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Old Jun 13, 2015, 09:46 AM
danielphantom is online now
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Once in a lifetime
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USA, CA, Temecula
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not a glider, but look at the wings--glider like

This just struck me as beautiful, and the wings just don't look like the typical jet liner.

here's the video--https://www.youtube.com/watch?t=172&v=KYbM-3E11Qo

Daniel
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Old Jun 13, 2015, 12:27 PM
Sailhigh is offline
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Do a search on the slope forum and you'll find there is already a 787 r/c glider available, also an A380.
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Old Jul 29, 2015, 11:31 PM
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There's a lot of money to be saved by making airliner wings more efficient. If you took a typical airliner and removed the engines and the fuel, it would probably make a great slope soarer on a mountain ridge in a hurricane. ;-

I heard that, even with the engines, the L/D of a jetliner may be something like 18:1.That's still 1500 fpm down if you're flying at 300 mph. I suspect that more recent ones do better and really old ones a little worse.

Ever read about the Gimli glider?
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Old Jul 30, 2015, 12:03 AM
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I love the wing on the 787. As both an aerospace engineer and a glider pilot, that wing design really floats my boat! There is a great video of a 787 practicing its' airshow routine, I think it may have been in Dubai? Let me see if I can dig it up.

Going to a full composite wing in the airline world is a HUGE step forward. Understanding how to certify composite structures, how to analyze/inspect them for damage and how to properly repair them to the level required for airline transport. Obviously Boeing thought it was worth it to get the performance, but wow what a commitment to a change in the way they conduct business!
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Old Jul 30, 2015, 10:55 AM
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So cool to see the winglets replaced by raked tips. Anyone know where to find a good read?
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Old Jul 30, 2015, 02:09 PM
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United States, HI, Kailua
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The airline that is kind enough (or nuts enough) to employee me added winglets to their B767 several years ago, a spendy little project. Why?

300,000 gallons less fuel needed per year. That's something upwards of $4M.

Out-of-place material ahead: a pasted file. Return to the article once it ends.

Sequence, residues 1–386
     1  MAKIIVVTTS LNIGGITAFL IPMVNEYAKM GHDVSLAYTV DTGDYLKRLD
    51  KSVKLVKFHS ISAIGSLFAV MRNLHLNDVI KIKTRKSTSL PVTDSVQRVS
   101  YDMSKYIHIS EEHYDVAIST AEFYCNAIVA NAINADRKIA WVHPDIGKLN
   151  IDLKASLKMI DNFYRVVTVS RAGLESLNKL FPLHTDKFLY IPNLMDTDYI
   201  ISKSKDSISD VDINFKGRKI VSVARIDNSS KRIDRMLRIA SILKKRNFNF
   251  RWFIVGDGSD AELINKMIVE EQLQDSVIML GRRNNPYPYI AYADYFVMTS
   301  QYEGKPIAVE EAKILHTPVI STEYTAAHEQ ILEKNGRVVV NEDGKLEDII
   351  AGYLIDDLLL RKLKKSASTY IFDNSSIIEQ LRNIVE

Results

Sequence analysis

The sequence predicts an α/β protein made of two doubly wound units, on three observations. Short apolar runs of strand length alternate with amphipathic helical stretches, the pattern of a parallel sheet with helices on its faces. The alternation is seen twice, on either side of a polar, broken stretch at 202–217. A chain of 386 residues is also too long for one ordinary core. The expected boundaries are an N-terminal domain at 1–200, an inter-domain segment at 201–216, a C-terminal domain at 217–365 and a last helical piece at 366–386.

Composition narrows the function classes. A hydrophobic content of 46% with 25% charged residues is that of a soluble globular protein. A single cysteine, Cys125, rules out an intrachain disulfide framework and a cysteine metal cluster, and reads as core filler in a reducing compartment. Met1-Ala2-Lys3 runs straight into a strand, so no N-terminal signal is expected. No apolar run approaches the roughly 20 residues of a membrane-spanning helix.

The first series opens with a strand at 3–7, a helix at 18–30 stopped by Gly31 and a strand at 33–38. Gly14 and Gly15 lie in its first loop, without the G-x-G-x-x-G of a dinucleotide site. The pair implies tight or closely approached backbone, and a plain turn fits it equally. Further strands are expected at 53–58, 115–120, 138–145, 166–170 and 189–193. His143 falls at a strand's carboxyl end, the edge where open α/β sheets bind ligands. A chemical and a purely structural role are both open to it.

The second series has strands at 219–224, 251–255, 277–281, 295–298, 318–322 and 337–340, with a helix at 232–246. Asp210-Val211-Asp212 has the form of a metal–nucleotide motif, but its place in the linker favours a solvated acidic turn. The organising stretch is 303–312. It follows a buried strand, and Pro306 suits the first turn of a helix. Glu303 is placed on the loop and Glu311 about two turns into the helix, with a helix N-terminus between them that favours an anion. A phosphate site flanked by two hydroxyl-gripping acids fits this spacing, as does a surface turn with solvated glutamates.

Per plane!

Wow.
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Old Jul 30, 2015, 02:38 PM
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Quote:
Originally Posted by dayhead View Post
So cool to see the winglets replaced by raked tips. Anyone know where to find a good read?
Found one: https://www.facebook.com/atpltheory/...86422511385684

ATPL Theory
August 16, 2012
Raked wingtips vs Winglets
There are four aircraft that use raked wing tips: The Boeing 767-400, 777, 747-800, and the 787. There is one thing all these aircraft have in common: They are ultra-long range (6500 nautical miles plus).
Raked wing tips are more efficient in ULTRA LONG cruise segments. Whereas other wingtip treatments like winglets are more efficient in climb. Winglets do reduce drag, but they actually generate a bit of lift due to the way in which wingtip vortices strike the leading edges of the winglet...but that only happens to a significant degree when the wing is at higher angles of attack....like in climb configurations. Aircraft with winglets are shorter range...like the 737. It makes more sense and saves more fuel to optimize the climb and approach segments than it does to try to optimize the cruise phase of the flight. That might seem counter-intuitive, but Boeing engineers proved the math.
Raked wingtips on the other hand don't generate lift...what they do is reduce drag in a special way...by redirecting wingtip drag (vortices) farther outboard and aft of the rest of the wing... and it also redistributes the lift across the entire wing (called wing loading). The result is that they work in ultra long cruise segments. They don't depend on wing angle of attack, and they reduce fuel consumption when engine power is already set to cruise.
Short answer is winglets and raked tips both reduce drag and extend the range of an aircraft. But they do it in different ways...and which way is best depends mostly as a function of cruise flight time.
Thanks to the person who wrote this clear explanation!
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